This is a question I get A LOT, and I really mean A LOT.
So I thought it was time to type a blog post about it.
If you want to freeze action like this you need a fast shutter speed right?
Saskia 11 juni 2009_00220

Well actually not.

 

In the studio our sync speed is set to 1/125 this is the so called X-sync.
For system strobes this is often 1/200 or 1/250.
Now I hear you wondering “How can you freeze a jump with only 1/125?”
Well the answer is very simple.

 

Let’s first do a little test so you understand what’s going on.
First set the mainlight on F16 ISO100 with your light meter (or whatever method you use)
Take off the trigger from your hotshoe and take a shot on F16, 1/125, ISO100 (Manual mode of course).
How does the image look?
Black right?
Well we just proved that there is no ambient light registering on your sensor on 1/125.
Now connect the trigger again and take the same shot, now you can see your model right?
This little test proves without any doubt that you don’t need 1/250 to shoot in the studio for jump photography.

 

Now what does freeze the action?
The freezing of the motion is done by the strobe itself. The speed on which this happens is called the Flashduration.
Some manufacturers will put this on their site or in the manual. For a good freezing power I always advise to buy strobes that are able to at least use a flashduration of 1/2000 of a second, but preferable a little bit more.

 

My strobe has those specs but everything is still “blurry”
Yep that can happen.
Most studio strobes will give you the max freezing power on full power, but to be sure also check on the lowest setting. If you’re shooting with older strobes it’s often the lowest setting that gives you the fastest flashduration or if you’re shooting with the system flashes (small flash) it’s also the lowest setting.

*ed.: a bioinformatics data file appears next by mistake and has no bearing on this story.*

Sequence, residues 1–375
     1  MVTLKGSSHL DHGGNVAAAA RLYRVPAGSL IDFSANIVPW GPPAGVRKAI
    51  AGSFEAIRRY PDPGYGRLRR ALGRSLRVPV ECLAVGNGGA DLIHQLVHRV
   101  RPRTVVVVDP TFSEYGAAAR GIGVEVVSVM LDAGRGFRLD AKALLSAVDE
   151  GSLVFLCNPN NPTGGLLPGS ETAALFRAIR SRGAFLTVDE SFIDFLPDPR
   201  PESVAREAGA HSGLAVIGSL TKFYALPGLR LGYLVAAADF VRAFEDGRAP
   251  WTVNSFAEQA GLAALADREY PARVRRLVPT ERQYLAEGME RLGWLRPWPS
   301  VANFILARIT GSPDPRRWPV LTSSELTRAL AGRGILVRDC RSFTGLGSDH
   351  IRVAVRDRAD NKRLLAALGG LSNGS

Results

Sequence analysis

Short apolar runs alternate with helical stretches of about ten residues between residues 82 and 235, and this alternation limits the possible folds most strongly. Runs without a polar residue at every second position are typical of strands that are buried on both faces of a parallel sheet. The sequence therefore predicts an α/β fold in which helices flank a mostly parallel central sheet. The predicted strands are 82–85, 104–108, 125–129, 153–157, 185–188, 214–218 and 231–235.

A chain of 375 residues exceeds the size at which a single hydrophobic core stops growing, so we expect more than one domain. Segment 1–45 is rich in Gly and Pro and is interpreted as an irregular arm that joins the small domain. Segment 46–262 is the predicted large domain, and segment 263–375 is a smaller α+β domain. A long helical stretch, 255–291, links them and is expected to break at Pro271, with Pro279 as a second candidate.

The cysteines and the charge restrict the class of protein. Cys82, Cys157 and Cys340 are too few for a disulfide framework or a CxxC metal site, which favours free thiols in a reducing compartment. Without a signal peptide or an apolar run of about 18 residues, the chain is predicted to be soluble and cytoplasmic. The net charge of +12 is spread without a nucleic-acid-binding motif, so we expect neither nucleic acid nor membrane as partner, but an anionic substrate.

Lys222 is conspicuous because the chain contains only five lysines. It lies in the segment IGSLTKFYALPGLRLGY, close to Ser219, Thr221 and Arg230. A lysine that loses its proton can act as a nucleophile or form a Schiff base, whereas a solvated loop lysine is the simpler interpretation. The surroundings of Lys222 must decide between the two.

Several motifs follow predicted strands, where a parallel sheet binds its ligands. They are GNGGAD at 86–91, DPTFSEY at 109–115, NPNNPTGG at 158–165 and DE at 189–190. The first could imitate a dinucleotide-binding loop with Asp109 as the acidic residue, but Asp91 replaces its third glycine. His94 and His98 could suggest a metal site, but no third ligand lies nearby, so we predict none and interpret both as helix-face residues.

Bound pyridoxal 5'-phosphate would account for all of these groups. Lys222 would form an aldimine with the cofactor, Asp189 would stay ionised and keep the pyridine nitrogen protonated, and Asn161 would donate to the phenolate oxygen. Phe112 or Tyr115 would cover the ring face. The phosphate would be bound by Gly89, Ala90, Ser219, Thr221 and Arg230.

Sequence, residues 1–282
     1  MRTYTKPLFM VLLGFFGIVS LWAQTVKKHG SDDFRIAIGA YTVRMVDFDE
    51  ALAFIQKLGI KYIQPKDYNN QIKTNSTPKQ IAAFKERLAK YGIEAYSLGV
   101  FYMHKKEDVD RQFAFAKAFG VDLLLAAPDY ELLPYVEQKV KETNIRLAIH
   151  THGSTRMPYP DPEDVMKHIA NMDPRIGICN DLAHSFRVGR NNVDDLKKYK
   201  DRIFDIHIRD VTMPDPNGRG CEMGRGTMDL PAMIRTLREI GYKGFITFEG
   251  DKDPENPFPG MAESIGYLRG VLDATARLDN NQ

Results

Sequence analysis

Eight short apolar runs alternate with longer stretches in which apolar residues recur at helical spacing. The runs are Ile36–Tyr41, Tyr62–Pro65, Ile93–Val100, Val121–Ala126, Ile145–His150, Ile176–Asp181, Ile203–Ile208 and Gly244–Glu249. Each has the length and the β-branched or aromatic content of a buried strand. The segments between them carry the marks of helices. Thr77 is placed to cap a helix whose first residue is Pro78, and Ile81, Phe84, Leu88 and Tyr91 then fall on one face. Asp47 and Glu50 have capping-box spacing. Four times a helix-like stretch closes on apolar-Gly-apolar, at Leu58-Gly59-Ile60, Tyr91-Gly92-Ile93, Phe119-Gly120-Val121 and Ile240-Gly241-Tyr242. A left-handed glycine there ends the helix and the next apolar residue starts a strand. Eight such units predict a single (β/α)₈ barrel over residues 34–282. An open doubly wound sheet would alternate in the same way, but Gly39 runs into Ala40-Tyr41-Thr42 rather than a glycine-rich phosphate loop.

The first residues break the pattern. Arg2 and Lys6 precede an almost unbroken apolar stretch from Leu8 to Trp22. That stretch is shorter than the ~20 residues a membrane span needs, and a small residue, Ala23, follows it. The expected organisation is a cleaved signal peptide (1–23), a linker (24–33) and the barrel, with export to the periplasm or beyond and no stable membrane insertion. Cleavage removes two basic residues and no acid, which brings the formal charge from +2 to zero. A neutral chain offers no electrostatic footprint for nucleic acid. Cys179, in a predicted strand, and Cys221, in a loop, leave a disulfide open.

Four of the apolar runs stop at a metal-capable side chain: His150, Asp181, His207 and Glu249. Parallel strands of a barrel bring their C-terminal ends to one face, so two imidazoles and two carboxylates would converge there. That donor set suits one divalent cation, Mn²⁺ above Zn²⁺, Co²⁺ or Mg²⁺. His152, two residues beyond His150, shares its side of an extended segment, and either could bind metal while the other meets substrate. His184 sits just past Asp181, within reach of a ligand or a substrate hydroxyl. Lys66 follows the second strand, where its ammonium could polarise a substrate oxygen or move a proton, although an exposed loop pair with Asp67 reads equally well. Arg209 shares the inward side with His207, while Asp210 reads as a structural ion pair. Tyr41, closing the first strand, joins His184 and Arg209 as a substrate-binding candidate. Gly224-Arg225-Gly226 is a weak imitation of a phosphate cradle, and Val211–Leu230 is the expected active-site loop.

But it can also be the fact that you are timing the jump wrong. As a joke I always say “the perfect jump shooting moment is that moment where the model is thinking “should I go further up, or down” and on mother Earth she will always go down”… what I mean of course is that you have to shoot at the “floating” moment, that point in the jump where the model is actually hanging still in the air, or close too.

 

One tip I always give people is to prefocus on the spot where the model will be in the air, you can mark this on the floor of course and hold the focus (or use manual focus on a tripod) until the moment the jump takes place. The advantage of shooting F16 is that you actually have a nice area that will be in focus.

 

My model never fits the paper :(
Yep that can happen, however it should not if you have enough room.
This is where I love longer lenses, the lens will actually change your field of view and the model will fit nicely on the paper, a longer lens narrows the field of view while a wider angle will widen this field of view (meaning the model will hit the sides of the paper very quickly), with a 200mm and moving back enough you can photograph a jumping model with her arms wide open.

Bianca 25 September 2012 - 6064-Edit_DxOConclusion
Recently there was a discussion on the blog where people were using bounce flash from a camera just to get from 1/160 to 1/250 and with all due respect to the poster (sorry) this is totally unnecessary, in fact you are actually creating a huge problem because by using the flash to bounce and trigger the studio strobes you are in reality adding some strobe lights from that strobe into your image. So why is it of no use?

 

First of all the difference between let’s say 1/125 and 1/250 is only one stop, if your studio has so much light coming in that this is important I think it’s time to start working on that first. Now if you’re on location 1 stop can make a difference, but you can also choose to go to ISO50 or use a ND filter of course but there it does makes sense (and a lot of sense). In the studio however there is absolutely no difference that you can see between shooting an image on 1/100 1/125 or 1/400 and if there is, it’s probably a too high level of ambient light and that should be addressed first in my opinion a studio should be able to be dark to judge your light setup.

 

If you want to determine if your mind is playing tricks on you because you think that something on 1/125 is less sharp than on 1/250 do the same trick as I explained at the beginning, take away your trigger and shoot the same image, if the frame is black there should be no difference between 1/125 or 1/250
Hope this helps.